Published: August 3, 2010
For the fourth year, Nan Gurley filled her large tents with antiques dealers on July 11 at the Castle in the Clouds estate overlooking Lake Winnipesaukee. In addition to the big multidealer tents, there were a number of individual tents surrounding the big tops, all filled with the kinds of Americana for which Gurley’s shows are known.
Based in Maine, Gurley cultivates dealers with the kind of useful objects that were found as everyday household tools, furniture and accessories in Seventeenth and Eighteenth Century homes in New England.
The room-setting booth of Ideal Antiques, New Market, N.H., in one of the big top tents featured a set of Shaker ladder back chairs that were set up around a primitive painted Hepplewhite table with a scrubbed pine top.
Also offered here were a large pine hutch with shoe feet, a braided rug and Eighteenth Century English earthenware dishes, blue feather edge, with some coin silver utensils, along with a carved wooden bowl. In the background was a painted chest of drawers, more braided rugs and small furniture.
Except for the dishes, most of the pieces were from New England, offered with reasonable prices, and are what customers have come to expect at a Nan Gurley show.
Jane and Ed Carr, Gorham, Maine, have been exhibiting at shows since the 1960s with country style, in fresh finishes and good accessories compatible with Americana and country. Their centerpiece was an early drop leaf table in native woods offered with plank seated, painted pine chairs. Accessories included several early hooked rugs, an elevated dough box in pine, a cottage pine chest of drawers and a schooner model, fully rigged, about a foot long.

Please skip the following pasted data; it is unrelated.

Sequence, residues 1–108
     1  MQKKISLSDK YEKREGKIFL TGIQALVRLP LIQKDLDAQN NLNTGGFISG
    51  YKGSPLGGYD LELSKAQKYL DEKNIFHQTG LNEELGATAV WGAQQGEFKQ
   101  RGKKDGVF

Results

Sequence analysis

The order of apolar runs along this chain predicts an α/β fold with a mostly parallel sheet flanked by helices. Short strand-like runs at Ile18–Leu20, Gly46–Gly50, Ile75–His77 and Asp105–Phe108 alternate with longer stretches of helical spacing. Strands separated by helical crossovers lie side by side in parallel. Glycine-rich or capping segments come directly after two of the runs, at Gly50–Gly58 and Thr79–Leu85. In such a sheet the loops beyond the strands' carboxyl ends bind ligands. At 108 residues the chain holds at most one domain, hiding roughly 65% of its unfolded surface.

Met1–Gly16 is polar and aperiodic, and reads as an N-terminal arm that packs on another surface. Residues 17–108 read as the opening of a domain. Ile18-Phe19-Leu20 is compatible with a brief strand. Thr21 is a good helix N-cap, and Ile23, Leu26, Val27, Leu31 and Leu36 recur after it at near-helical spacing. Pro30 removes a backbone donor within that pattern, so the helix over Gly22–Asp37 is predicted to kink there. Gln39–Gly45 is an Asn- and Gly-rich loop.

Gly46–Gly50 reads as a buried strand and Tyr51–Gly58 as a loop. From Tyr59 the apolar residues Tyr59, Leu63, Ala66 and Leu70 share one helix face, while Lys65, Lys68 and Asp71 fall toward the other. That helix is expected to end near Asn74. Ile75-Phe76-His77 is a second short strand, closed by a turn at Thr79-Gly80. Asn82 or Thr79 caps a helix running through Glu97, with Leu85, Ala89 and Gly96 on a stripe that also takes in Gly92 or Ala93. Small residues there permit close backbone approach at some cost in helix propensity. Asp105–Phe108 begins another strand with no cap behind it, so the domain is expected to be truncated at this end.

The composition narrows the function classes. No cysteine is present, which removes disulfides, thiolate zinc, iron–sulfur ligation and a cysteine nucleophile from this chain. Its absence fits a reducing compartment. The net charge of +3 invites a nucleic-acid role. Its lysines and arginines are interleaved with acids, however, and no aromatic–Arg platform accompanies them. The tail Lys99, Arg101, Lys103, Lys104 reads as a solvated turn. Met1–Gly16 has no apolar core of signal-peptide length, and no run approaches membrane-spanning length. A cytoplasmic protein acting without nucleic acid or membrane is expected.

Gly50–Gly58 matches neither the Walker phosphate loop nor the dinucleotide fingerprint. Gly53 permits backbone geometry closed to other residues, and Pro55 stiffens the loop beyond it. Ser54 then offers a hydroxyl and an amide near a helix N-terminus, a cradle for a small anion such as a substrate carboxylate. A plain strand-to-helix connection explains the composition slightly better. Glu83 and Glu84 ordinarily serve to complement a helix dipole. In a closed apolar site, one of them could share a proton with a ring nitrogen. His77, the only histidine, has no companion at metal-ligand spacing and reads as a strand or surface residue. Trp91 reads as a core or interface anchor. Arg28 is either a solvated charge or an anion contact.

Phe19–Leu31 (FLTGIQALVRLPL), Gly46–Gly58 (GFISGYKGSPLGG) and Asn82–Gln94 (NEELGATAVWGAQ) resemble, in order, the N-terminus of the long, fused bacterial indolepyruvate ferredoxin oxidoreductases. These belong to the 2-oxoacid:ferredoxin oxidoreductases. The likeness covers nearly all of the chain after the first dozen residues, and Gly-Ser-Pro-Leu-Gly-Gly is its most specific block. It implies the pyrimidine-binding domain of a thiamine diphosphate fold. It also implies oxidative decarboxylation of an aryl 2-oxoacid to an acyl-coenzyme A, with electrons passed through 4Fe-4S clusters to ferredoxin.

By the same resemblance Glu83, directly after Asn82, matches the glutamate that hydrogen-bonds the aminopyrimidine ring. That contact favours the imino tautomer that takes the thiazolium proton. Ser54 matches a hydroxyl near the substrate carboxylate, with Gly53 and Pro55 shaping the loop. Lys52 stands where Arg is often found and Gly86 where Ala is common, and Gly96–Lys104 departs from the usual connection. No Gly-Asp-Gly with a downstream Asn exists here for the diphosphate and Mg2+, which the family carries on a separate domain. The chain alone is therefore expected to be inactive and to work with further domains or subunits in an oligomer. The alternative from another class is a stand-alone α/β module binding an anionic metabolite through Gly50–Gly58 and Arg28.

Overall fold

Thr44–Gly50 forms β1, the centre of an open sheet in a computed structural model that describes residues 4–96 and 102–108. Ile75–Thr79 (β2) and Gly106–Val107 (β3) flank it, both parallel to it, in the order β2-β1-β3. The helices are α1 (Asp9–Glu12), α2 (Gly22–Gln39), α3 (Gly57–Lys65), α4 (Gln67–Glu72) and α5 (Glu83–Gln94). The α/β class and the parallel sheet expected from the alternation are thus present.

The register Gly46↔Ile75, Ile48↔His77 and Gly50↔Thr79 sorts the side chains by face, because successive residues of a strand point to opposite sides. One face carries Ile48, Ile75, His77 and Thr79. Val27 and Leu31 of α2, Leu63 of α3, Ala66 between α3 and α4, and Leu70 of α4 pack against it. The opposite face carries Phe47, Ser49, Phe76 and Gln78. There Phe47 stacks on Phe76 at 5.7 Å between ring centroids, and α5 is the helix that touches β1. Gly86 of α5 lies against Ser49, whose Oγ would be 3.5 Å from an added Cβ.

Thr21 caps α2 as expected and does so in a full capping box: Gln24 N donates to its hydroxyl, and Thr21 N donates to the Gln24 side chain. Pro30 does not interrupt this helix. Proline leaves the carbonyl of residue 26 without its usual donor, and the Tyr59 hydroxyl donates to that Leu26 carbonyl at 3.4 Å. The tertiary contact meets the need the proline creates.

Gurley selects dealers for the variety and quality that their collections offer her shows. For example, Robert Foley, Gray, Maine, was offering an oil on canvas of an early Nineteenth Century sailing ship in a large folio size, while David White, a dealer from North Yarmouth, Maine, also trades in nautical things. He had several early pond boats, as well as a couple of Hamplemans, dolls with hinged joints so that when pulled by a string, they appear to dance.
Natalie Werner collects all kinds of small things that appeal to her: dishes, dolls, tools and more. From Springfield, Mass., she was also showing some stoneware and woodenware, including a few firkins believed to be Shaker.
Probably the furthest traveled for this show was The Country Gentlemen, Ann Arbor, Mich. Partners Steven Stout and Robert Strauss featured early furniture found near their home base, but also in New England, as they shop in the Northeast as often as they can. Surrounding their hutch table was an early banister back chair in old green paint, a small blanket box in early red milk paint and a workstand.
Bjorn Borssen had a very different collection from his show here last year. His inventory then included a well-made chest-on-chest, while this year the focal point was a Nineteenth Century ship’s model. From Rochester, N.H., he was also offering fine smalls from America and England.
More variety was offered at Benting & Jarvis, Barrington, N.H., with its collection of very early antiques and some late Nineteenth and early Twentieth Century decorator items. Mercury glass globes and candleholders, carved birds and old bone-handled flatware service pieces were mixed in with early frames, furniture and some earthenware.
Oriental rugs in good quantity were available from Tina and Bob Mortimer, Falmouth, Maine. English smalls and some from early American makers, including tea caddies, brass articles such as Eighteenth Century candleholders and even an early range finding compass, were displayed by Nancy Cummings, Swanzey Center, N.H.
A very early drop leaf table, probably 1750, was being shown by Candlewick Antiques, Milford, N.H. Dealer John Anderson noted the maker’s signature, Amos Eaton of New Ipswich, N.H., on the underside.
Nan Gurley and her husband Peter Mavris were exhibiting as well, with their affinity for early painted New England furniture apparent. Their exhibit included a grain painted Sheraton-era chest of drawers, several painted chairs in various styles, a grain painted table and smaller painted accessories.
Look for Nan and many of the dealers at her upcoming shows, which include Deerfield, N.H., on August 10; Short and Sweet at Frank Jones Center, Portsmouth, N.H., August 18; and a Canterbury, N.H., show September 26 at the old Shaker Museum. For details, www.nangurley.com or 207-625-3577.
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